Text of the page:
Oncologists also use sodium bicarbonate when they
administer chemotherapy to buffer the poisonous
nature of the chemo agents as they are administered.
Until this writing, magnesium chloride remained as the number-one priority in my cancer protocol with bicarbonate coming in second, even though bicarbonate offers more immediate benefit in terms of anti-tumor effects. Medical marijuana has been included with my core recommendations but I am now thrusting it to the forefront.
Despite the legal problems, it is time for the field of medicine to wake up to the true value of marijuana in the treatment of disease. Marijuana has moved into a first-place tie with magnesium chloride in my cancer protocol and I am now recommending that it be used universally. Its effect is just too good and its price too low. Some see goodness and affordability as unimportant but anyone with a humane heart must surely recognize the importance of accepting marijuana as a beneficial therapy. Doctors beware; in an age of financial and economic collapse we will be desperate for inexpensive medicines that are safe and universally available.
Read more @ imva.info
Interesting… so why has the US Drug Enforcement Administration recently ruled that Marijuana has no medical use, despite conflicting information from the Institute of Medicine (IOM) and the thousands of people using it to treat conditions that other medicines can’t help with?
U.S. Rules That Marijuana Has No Medical Use. What Does Science Say?
The U.S. Drug Enforcement Administration (DEA) ruled on Friday that marijuana has “no accepted medical use” and should therefore remain illegal under federal law — regardless of conflicting state legislation allowing medical marijuana and despite hundreds of studies and centuries of medical practice attesting to the drug’s benefits.
The judgment came in response to a 2002 petition by supporters of medical marijuana, which called on the government to reclassify cannabis, which is currently a Schedule I drug — like heroin, illegal for all uses — and to place it in Schedule III, IV or V, which would allow for common medical uses.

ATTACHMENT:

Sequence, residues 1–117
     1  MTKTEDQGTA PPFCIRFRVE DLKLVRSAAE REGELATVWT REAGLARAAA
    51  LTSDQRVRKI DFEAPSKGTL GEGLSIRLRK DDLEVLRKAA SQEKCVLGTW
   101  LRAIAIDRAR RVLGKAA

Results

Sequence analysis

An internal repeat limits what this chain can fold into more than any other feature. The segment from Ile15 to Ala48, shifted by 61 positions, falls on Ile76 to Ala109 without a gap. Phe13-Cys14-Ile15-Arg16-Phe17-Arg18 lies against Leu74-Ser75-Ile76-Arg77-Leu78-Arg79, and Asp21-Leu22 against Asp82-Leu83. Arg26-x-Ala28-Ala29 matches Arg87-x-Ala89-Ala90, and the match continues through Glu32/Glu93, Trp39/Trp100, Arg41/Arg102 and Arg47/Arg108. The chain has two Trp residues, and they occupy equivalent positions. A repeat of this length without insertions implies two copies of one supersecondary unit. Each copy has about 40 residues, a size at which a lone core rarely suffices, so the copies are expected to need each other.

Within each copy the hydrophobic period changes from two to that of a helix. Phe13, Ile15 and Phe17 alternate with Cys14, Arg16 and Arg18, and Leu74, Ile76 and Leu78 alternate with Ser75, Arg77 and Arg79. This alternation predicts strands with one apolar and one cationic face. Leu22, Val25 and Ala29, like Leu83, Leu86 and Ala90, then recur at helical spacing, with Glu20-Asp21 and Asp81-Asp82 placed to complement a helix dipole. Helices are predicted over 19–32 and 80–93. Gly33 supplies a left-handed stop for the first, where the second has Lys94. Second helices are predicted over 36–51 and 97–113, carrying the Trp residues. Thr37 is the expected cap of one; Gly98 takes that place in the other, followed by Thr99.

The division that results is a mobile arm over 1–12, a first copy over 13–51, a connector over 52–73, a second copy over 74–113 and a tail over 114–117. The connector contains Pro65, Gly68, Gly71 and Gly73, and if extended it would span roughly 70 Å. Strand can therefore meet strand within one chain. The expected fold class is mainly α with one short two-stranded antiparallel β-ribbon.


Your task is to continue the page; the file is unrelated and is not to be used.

The DEA ruled that marijuana has “no currently accepted medical use in treatment in the United States,” has a “high potential for abuse,” and “lacks an acceptable level of safety for use even under medical supervision.”
Not only does this decision conflict with state laws, however, it also conflicts with a 1999 report by the Institute of Medicine (IOM), the branch of the National Academy of Sciences charged with answering complex medical questions for Congress. Way back in 1999, the IOM said:
Scientific data indicate the potential therapeutic value of cannabinoid drugs, primarily THC, for pain relief, control of nausea and vomiting, and appetite stimulation; smoked marijuana, however, is a crude THC delivery system that also delivers harmful substances.
In addition, in 2006 the U.S. Food and Drug Administration issued an investigational new drug application, or IND — which grants permission to study a drug with the goal of approving it for marketing if it is safe and effective — for Sativex, an inhalable marijuana-derived drug, which includes both THC and CBD, the main active components of cannabis. So, while one federal agency says the drug is too risky for use even under medical supervision, another is studying it for possible approval for marketing.
The synthetic marijuana-based drugs nabilone and dronabinol (both used to treat nausea and vomiting) are already approved in the U.S. and have been placed in Schedules II and III, respectively. Schedule II includes drugs with high abuse potential like Oxycontin, while Schedule III includes milder painkillers like codeine combined with Tylenol.
Since the IOM report was released more than a decade ago, the evidence for the medical benefits of marijuana and related drugs has continued to increase. In the last three years alone, cannabinoids have been found to help kill breast cancer cells, fight liver cancer, reduce inflammation, have antipsychotic effects and even potentially help stave off the development of Alzheimer’s disease and reduce progression of Huntington’s disease.
Further, a 2011 review of the effectiveness of cannabinoids for non-cancer pain found “no significant adverse effects” and “significant” analgesic effects.
Although the DEA judgment sounds like a setback for medical marijuana advocates, in one important sense it is an advance. The government had long delayed making a judgment on the petition, but now that it has, it makes it possible for advocates to appeal it in federal court. Now, that process can be set in motion.
Source: TIME Healthland